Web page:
• Here's an amusing note about Luis Castillo from the Star Tribune:

    Castillo learned it was his turn for a physical and wasn't thrilled to learn it meant a rubber-gloved rectal exam. "I think Luis will be fine, but he had a rough day today," [manager Ron] Gardenhire said. "Not normally what we like to see. He was scared to death he was going to get the finger, and I think it totally flabbergasted him."

    The potential for jokes here is so plentiful that I'm going to be an anti-Souhan and just leave it alone.

  • I've gotten a bunch of excited e-mails regarding Jesse Crain's new three-year contract, with many fans incorrectly thinking that the Twins locked Crain up in the same way they did with Joe Mauer last month. However, the Crain deal means almost nothing, because unlike Mauer he wouldn't have been eligible for arbitration until next season anyway. The Twins bought out one of Mauer's free-agent years, but with Crain they just pre-paid for two of his three arbitration-eligible seasons.

    Even when the three-year deal runs out following the 2009 season, the Twins will still have Crain under their control for one more year, his final arbitration-eligible season. In other words, he's still their property through 2010, just like he was before the three-year deal. All this does is give the team some cost certainty and give Crain some insurance in case he suffers a major injury. With that said, it's likely that a healthy Crain would have earned more than $3.25 million over the next three seasons.

  • Over at, Buster Olney recently interviewed Michael Cuddyer. The exchange didn't involve a whole lot of interesting stuff, but there were a few things worth noting. For instance, asked about which hitters made him nervous back when he was a third baseman, Cuddyer joked: "Have you seen my fielding numbers? Everyone made me nervous!" Then, asked about moving from third base to right field, Cuddyer went into a little more depth:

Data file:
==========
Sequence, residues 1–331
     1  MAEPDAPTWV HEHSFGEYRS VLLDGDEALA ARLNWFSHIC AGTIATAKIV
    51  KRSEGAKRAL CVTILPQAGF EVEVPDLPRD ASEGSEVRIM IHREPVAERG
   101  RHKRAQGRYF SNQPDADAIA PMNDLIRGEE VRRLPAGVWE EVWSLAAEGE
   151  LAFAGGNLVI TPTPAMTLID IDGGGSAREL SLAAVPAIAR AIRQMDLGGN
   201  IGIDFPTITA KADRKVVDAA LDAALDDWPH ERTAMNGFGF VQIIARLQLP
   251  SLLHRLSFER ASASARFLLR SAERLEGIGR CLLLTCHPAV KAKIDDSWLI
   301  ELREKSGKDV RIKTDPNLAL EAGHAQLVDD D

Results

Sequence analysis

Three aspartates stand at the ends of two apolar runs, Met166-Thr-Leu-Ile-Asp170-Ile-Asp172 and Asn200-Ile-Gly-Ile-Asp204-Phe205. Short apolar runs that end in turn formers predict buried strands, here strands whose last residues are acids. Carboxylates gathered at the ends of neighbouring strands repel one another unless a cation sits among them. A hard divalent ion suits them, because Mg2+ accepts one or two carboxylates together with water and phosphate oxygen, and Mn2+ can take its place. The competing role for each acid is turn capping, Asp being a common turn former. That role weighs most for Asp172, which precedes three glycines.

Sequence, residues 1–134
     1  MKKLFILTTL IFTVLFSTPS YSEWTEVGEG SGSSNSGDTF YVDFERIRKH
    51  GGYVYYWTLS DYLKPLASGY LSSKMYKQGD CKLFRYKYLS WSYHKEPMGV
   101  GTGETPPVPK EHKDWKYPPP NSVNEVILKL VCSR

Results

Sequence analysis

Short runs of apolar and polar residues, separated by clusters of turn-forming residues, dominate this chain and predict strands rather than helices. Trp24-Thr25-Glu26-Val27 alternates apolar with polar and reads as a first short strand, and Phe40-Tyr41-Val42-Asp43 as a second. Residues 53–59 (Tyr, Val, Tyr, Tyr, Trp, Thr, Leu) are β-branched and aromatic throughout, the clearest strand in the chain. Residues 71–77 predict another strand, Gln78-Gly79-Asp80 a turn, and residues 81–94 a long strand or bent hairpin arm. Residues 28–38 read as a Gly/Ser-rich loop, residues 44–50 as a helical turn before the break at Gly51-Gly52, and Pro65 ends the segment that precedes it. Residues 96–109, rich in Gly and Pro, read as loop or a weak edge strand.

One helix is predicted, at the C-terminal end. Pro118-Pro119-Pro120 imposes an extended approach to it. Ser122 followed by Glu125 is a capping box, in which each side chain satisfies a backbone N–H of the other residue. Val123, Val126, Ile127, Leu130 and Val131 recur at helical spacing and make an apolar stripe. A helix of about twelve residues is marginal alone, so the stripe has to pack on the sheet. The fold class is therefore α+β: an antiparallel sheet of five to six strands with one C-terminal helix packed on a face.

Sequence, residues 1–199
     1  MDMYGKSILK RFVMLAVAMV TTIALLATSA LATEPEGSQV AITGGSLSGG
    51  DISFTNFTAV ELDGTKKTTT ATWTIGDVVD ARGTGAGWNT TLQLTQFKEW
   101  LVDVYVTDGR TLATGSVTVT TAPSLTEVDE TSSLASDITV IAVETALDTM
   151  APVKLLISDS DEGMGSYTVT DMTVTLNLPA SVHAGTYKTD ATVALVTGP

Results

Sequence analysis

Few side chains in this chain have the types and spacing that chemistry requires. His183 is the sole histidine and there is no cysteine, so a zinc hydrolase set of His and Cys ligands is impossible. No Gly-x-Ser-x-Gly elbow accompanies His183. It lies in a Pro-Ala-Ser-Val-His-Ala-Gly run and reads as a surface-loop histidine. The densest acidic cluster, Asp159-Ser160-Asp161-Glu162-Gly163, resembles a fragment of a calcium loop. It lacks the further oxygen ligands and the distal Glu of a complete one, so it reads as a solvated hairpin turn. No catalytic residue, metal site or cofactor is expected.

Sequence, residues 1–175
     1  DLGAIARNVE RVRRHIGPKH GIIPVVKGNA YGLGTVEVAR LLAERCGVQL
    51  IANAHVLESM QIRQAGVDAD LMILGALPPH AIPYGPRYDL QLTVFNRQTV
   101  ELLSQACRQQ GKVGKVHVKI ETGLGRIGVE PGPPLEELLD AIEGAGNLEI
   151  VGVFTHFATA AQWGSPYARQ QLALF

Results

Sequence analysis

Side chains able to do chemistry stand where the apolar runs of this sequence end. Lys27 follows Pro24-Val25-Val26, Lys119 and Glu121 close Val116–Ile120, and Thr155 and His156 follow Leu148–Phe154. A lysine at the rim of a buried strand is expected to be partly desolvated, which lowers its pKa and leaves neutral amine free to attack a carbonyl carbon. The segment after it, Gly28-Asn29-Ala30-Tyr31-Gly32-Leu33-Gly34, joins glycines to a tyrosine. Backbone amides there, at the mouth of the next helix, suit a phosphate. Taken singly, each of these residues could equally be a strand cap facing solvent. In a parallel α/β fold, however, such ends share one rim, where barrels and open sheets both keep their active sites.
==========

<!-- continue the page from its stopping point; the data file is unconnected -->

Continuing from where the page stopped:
There are many good things that have occurred because of my move to right field. The obvious and best reason, I guess, is that it has given me the opportunity to play every day at one position without the fear of having to remember to bring my other three gloves (a first baseman's mitt, a third base glove, and a second base glove) down to the field for the game. Because I grew up in the infield and played so long professionally there, I sometimes miss the action that comes with being in the infield. But with the way things have worked out, the positives most definitely outweigh the negatives by a long shot.

    If he weren't quite so diplomatic, Cuddyer likely could have phrased that answer a little differently. For instance: "The obvious and best reason, I guess, is that it stopped the Twins from jerking me around from position to position, and from the lineup to the bench. I'd rather still be in the infield, but at least this way I get consistent at-bats." Of course, maybe having a bunch of different gloves really was the main issue, in which case I'll just shut up now.

  • The Twins opened the spring schedule last night with a 10-inning tie against the Red Sox, as Garza started things with two strong innings (including a strikeout of David Ortiz) and Mauer homered off Julian Tavarez.